The Government review by Andrea Leadsom MP, ‘The best start for life: a vision for the 1,001 critical days’, was published in March of this year.  In her introduction, Leadsom says:


“Two is too late! We spend billions on challenges in society from lack of school readiness to bullying to poor mental health to addictions and criminality; and further billions on conditions such as obesity, diabetes, and congenital heart disease. Yet, the building blocks for lifelong emotional and physical health are laid down in the period from conception to the age of two and we don’t give this critical period the focus it deserves. Prevention isn’t only kinder, but it’s also much cheaper than cure – what happens to an infant in the 1,001 critical days is all about prevention, and a strong, supportive policy framework in this area can truly change our society for the better, while saving billions for taxpayers.”

She goes on to describe six action areas that she and her team will now focus on.  These include developing seamless support for families, establishing national and local leadership specifically focused on the first three years, the requirement to have ‘start of life’ offers for every family and empowering the workforce.  It is cross-departmental, local and national, and hugely ambitious.  In short, it is not just a single programme, it is (or could be) the beginning of a new national focus on delivering the best possible start to every child in this country. 

If this goes well, then it really could be a once in a generation opportunity to tackle many of the issues caused by intergenerational trauma.  Levels of violence could be reduced, well-being improved, levels of chronic disease reduced, educational standards raised and economic opportunities could open to more.  It really is that significant.


Haven’t we been here before?

But haven’t we been here before, only to be let down?  Possibly, but there are some differences this time.

Firstly, there is now a large cross-party consensus that we need to invest in our early years.  The WAVE Trust 70/30 campaign that aims to reduce levels of abuse, neglect and other forms of childhood adversity by 70% by 2030 is supported by hundreds of politicians across the UK.  This is not a fringe issue.

Secondly, the Leadsom report is describing a systemic change, recognising that delivering change in this critical area is a team game.  This is not a single intervention – it is the development of a whole system focused on the first three years of a child’s life.

Thirdly, Andrea Leadsom has form in this area – she has been committed to this for over twenty years.  As she says in the report:

“I chaired the Oxford Parent Infant Project from the late 1990s and founded the national charity PIP UK in 2012; in Parliament I established the APPG for Conception to the Age of two and the 1001 Critical Days Manifesto, which is now supported by over 160 charities and professional bodies. I also chaired the Inter-ministerial Group on the Early Years from 2018-19, working across seven Whitehall departments to build the beginnings of a vision for how to give every baby the best start in life.”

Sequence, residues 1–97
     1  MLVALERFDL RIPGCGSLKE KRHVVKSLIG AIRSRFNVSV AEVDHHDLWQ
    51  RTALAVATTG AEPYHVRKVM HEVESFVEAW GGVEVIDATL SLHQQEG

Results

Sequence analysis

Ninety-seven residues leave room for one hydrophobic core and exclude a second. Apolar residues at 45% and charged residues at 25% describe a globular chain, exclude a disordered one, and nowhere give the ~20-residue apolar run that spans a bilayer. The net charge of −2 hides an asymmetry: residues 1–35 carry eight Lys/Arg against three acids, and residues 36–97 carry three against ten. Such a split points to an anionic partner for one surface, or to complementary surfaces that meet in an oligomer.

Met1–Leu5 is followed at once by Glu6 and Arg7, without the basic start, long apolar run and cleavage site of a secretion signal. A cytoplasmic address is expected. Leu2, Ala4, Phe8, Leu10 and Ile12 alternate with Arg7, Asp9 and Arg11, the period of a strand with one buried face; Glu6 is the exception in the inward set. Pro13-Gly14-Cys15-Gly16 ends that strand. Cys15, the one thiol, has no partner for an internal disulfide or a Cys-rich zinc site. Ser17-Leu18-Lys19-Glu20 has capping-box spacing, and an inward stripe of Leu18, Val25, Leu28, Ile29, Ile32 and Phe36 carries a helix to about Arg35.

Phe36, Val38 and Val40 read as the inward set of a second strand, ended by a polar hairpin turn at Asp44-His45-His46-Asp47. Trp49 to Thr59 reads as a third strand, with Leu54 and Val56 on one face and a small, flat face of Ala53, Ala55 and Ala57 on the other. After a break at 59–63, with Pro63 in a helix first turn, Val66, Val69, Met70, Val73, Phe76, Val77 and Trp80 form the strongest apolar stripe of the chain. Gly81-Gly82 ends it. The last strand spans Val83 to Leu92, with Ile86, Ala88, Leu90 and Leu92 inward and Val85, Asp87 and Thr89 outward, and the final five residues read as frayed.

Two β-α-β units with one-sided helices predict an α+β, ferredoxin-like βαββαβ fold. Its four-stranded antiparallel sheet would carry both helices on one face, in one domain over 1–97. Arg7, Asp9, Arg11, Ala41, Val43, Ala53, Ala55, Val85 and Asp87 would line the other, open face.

And fourthly, for now at least, she seems to be supported across Government to deliver. The report is very much an initial overview of what needs to happen – Leadsom and her team are now working on what happens next.

At long last a breakthrough?

So, call me overly optimistic, but I do feel a little hopeful that, at long last, we may be about to make a breakthrough.  Supporting the first three years of a child’s life should be as important in policy terms as (say) the defence of the realm.  Currently, despite warm words, it is often an afterthought and the first thing to be cut when times are hard. 

And that, of course, will be the test – even if Leadsom can persuade the Government to run with her plans, will the Government also commit to the long-term associated funding that this will require?

Time will tell but, for now, I would urge all those interested and passionate about the early years to do all that they can to build support locally and nationally for the full implementation of the Leadsom recommendations.

It has been stirring quietly in the background for too long – it is time for early years services to be front and central.  And let optimism reign.

Peter Watt is Strategic Projects Director at WAVE.

Want to ask your MP to support a motion calling for the Government to adopt a comprehensive early years’ strategy to prevent harm to children before it happens? Find out more at the link below: